While homemade gifts or baked goods from your kids may be meaningful presents for Grandma, they may not be as appreciated by your client or your sister-in-law--and there's not a lot of time for baking now anyway. So what to do? Evaluate your giving habits; are you giving out of habit, because you want to impress someone, or because you truly wish to? Survey your family and friends; they may be feeling just as overwhelmed as you are right now, and more than happy to simplify or make a gift to charity instead. And if you do shop, you can still do it more consciously: Buy products which are responsibly made, or which benefit a cause. Here are some ideas for rethinking your buying and giving strategy--even if you only have a few days left.
1. Give to disaster relief instead. In the year of the South Asian tsunami, Hurricane Katrina, and the earthquake in Pakistan, getting everyone to do this may be the best idea of all. Young children can be excluded of course, but many grownups are perfectly happy to forgo sweaters, DVDs, bath oil or gift certificates as a means to be more generous to those in dire need. Oxfam, the American Red Cross, Doctors Without Borders, and the International Rescue Committee are all good organizations to contact.
2. Give gifts that foster ongoing involvement and awareness. For children in particular, organizations like Heifer Project or the Whale Center of New England provide opportunities to learn about the issues they support. Heifer's gift catalog allows you to purchase a cow, goat, water buffalo or flock of chickens to give to a partner village in any of 50 countries around the world. The milk, eggs or offspring of these animals are used for food and for income generation, allowing recipients to become self-sufficient. Donors to the Whale Center can 'adopt' a humpback whale, receiving a photo, newsletter and CD of whale calls, all while supporting the conservation and educational work of the center.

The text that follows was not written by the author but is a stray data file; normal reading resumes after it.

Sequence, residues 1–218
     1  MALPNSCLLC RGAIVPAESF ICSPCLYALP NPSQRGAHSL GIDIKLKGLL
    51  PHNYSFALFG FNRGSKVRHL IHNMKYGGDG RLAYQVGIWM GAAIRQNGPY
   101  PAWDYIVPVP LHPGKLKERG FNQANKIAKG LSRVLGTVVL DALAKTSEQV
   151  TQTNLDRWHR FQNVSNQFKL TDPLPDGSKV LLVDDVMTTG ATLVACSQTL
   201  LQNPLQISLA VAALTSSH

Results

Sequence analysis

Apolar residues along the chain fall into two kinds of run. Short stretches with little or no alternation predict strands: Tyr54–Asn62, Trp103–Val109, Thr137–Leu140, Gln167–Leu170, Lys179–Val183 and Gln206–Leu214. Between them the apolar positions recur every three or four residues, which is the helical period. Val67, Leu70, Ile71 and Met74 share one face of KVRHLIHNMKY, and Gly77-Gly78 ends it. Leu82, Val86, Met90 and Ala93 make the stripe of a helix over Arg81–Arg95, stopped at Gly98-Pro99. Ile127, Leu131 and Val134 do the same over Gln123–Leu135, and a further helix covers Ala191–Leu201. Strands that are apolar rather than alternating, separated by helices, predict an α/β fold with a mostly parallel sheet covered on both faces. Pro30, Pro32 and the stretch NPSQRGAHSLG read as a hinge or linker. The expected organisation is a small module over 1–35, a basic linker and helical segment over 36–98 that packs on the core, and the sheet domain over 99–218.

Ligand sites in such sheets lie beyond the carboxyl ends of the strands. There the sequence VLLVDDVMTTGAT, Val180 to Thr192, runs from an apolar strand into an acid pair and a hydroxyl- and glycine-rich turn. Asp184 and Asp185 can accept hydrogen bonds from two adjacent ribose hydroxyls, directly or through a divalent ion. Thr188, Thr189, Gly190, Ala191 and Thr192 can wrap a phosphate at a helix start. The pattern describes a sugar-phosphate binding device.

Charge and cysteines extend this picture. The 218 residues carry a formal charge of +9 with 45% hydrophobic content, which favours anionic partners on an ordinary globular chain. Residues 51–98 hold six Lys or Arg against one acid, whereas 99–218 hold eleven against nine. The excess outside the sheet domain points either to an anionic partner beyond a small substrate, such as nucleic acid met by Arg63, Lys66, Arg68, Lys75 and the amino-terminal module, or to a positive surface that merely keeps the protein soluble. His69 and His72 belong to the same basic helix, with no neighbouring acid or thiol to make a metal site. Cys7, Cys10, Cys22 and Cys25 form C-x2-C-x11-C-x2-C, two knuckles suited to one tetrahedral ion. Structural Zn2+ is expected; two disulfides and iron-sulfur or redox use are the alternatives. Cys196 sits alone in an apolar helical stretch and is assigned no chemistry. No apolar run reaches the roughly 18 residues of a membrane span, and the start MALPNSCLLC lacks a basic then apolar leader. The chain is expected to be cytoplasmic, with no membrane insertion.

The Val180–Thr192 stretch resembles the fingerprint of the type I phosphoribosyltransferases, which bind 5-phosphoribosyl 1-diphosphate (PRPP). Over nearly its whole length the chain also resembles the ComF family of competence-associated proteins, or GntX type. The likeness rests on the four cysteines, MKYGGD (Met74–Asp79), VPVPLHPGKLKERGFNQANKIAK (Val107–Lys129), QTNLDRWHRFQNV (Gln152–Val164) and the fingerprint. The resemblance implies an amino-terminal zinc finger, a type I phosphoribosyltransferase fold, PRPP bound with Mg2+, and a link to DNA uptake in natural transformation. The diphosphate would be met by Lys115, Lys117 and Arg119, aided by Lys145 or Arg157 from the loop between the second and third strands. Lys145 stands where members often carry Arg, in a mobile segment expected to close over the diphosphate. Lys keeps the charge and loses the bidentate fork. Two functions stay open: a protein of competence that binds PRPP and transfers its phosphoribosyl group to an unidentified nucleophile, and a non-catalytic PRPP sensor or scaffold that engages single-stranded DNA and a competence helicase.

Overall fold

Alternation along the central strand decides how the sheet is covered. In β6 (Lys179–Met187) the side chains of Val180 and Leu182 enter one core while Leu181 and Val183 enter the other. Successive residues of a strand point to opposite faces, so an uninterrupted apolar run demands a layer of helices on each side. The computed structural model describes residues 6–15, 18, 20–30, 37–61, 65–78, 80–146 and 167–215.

3. Buy fair-trade, organic, sweatshop-free, and eco-friendly products. This is one of the easiest ways to shop your conscience. Crafts and clothing purchased from such sites as Global Mamas, Marketplace India, Global Exchange, and A Greater Gift/Serrv International are unique, beautiful, moderately-priced and sustainably-produced. For a wide selection of edibles and gift baskets go to Diamond Organics; they guarantee overnight delivery for everything organic, including meats, wines, candy, condiments, and more. If time is tight, consider gift certificates from these organizations.
Why not consider buying nothing?
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5. Give gifts that encourage spending time together. Give a membership to a museum or historical society; buy your mom tickets to a play or concert with the promise of an evening out together; give a friend a year's subscription to Netflix and load the queue with movies you can watch together.
6. Know where your money goes. Gotta buy that big-ticket toy or electronic device? At least find out who's getting your money. Responsible Shopper, a project of Co-op America, lets you find out whether it came from a sweatshop or a company cited for environmental violoations. Search by keyword or company to find out about the human rights, labor, environmental, and other records of hundreds of corporations.
7. Donate to a loved one's favorite charity in their name. Network for Good enables you to search for and donate to more than 1 million charities online. Or select a project from Alternative Gifts International, a clearing house for over 35 projects and organizations devoted to causes ranging from medical assistance to Sudanese refugees in Chad to rehabilitating child soldiers in Colombia. But don't force your pet causes or beliefs on others, and avoid political organizations unless you know the recipient is passionate about a particular cause.
8. Buy nothing. Depending on your family, social circle, religion or culture, and work environment, this may or may not be a welcome idea. But you might be surprised; your friends and loved ones may appreciate the chance to take a break. For the serious anti-consumerist, check out the Reverend Billy and the Church of Stop Shopping. The Reverend and his choir lead 'retail interventions' and crusade against the culture of overconsumption in America. The current revival-style show, called the 'Shopocalypse Tour' is currently traveling across country.